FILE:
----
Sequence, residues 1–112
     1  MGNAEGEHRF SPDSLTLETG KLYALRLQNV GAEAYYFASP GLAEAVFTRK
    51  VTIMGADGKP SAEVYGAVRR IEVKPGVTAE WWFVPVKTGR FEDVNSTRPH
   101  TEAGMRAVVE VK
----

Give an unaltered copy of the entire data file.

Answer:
Sequence, residues 1–112
     1  MGNAEGEHRF SPDSLTLETG KLYALRLQNV GAEAYYFASP GLAEAVFTRK
    51  VTIMGADGKP SAEVYGAVRR IEVKPGVTAE WWFVPVKTGR FEDVNSTRPH
   101  TEAGMRAVVE VK